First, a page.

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Petifores - Icing and Cake type..

post #1 of 5
Thread Starter 
I've been thinking about making some petifores over the last few weeks. A couple questions have kept me from making the initial endevor :blush:

What type (basic flavor) would be a good starting point? What type of icing: cream, fondant etc... And lastly--Do you just bake in a normal cake pan and then slice in to 1.5"x3" slices?
post #2 of 5
mme
You'll want to bake in a square or rectangle pan. 1.5"x3" seems big to me. I think 1.5x1.5 would be better looking. We do a lot of almond. Although we don't do american PF. We use a sweet dough, spread rasp ,fill with frangiapan. bake add marmilade and cover with marzipan and drape in fondant.
good luck
pan

Never! Live To Work!:::::::Work To Live!::Life Is To Short!!
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Never! Live To Work!:::::::Work To Live!::Life Is To Short!!
Paninicakes.com

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post #3 of 5
Just to second what panini said, petit fours are classically frangipane (made with almond paste), with rasp. jam, marzipan, and poured fondant. Stay small (maybe 1.5" square or round)--- they are sweet.
post #4 of 5
a good petit four for chocoholics like myself uses yellow chiffon cake with ganache and french buttercream for filling between the layers and topped with an opera glaze (which is basically heavy cream, dark chocolate, and veg. oil)
post #5 of 5

In Praise of Petits Fours

Petit Fours are exquisite little iced cakes. (Actually, the term comprises not only cakes, but also, eg., palmiers, sacristains, sablés, almond tile cookies, and langues du chat (cats’ tongues). They are ideal for serving at a bridal shower, an elegant afternoon-tea table, or on a silver platter displayed in a splendid dessert trolley. Trust me, they’re not difficult to make – you only need to be more attentive than skilled – and, as in all things, the desire to succeed counts at least as much as experience. Caring is the greatest thing, caring matters most!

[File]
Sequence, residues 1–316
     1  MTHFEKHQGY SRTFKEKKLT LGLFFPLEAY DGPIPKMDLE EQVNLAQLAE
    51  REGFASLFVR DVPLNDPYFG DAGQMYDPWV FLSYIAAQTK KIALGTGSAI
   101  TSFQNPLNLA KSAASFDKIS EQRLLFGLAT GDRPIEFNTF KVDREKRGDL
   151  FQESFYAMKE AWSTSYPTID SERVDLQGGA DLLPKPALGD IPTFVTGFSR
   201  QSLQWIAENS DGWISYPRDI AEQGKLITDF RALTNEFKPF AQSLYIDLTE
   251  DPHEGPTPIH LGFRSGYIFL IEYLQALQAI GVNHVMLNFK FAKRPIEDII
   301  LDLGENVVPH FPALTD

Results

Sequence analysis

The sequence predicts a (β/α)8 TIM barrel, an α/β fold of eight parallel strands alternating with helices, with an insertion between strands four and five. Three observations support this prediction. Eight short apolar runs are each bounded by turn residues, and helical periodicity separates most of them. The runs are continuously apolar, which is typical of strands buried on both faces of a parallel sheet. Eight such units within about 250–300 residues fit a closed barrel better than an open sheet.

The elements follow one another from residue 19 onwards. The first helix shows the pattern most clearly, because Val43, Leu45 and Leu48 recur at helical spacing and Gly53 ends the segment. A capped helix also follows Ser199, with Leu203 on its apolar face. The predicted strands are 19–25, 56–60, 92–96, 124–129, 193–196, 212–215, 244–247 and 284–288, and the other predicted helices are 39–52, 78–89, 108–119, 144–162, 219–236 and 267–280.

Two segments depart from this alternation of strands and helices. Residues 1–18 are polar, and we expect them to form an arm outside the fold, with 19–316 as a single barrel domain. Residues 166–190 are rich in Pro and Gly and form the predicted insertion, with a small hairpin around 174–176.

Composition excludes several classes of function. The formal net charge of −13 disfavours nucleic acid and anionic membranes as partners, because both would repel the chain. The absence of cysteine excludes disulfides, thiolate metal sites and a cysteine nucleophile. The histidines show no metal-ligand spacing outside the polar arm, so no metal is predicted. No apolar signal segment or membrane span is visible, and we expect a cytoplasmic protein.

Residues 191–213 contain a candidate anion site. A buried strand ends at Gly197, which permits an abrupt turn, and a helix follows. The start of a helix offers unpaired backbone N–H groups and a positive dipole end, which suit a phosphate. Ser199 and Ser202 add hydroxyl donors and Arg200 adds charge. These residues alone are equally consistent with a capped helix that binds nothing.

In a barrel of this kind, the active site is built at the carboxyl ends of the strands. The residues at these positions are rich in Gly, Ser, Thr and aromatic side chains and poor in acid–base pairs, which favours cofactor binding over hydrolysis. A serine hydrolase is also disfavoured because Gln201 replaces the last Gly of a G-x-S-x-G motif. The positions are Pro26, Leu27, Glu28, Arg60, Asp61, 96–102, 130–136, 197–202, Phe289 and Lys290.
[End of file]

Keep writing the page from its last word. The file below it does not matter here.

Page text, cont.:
I prefer to use a cake recipe comprising almond paste, sugar, eggs, butter, and flour. When cool, cut your cake in half (the shorter distance); lift one-half of the cake out of the sheet pan, then spread half of the petit-fours sheet still in the pan with stirred, seedless raspberry jam; set the other half on top. Now, place in the freezer for 20 minutes – still on the pan!

Next, melt equal amounts of dark & white chocolate in separate saucepans.

Remove the sheet from the freezer and lift the cake out. Using small cookie cutters, cut out shapes – not only squares, but diamonds and rounds, too! Leave half of them on your work surface, and cover the other half with a damp cloth. With a fork, spear the petits fours through the top (which will become the underside); dip half of them in dark, the other half in white chocolate. Then place on a rack to dry. Chill them all. Decorate in any manner you fancy.

Hold the petits fours at room temperature 15-20 minutes, before serving.

A wonderful reference book is Flo Braker’s Sweet Miniatures : The Art of Making Bite-Size Desserts (Morrow).
"A house is beautiful, not because of its walls, but because of its cakes." ~ Old Russian proverb
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"A house is beautiful, not because of its walls, but because of its cakes." ~ Old Russian proverb
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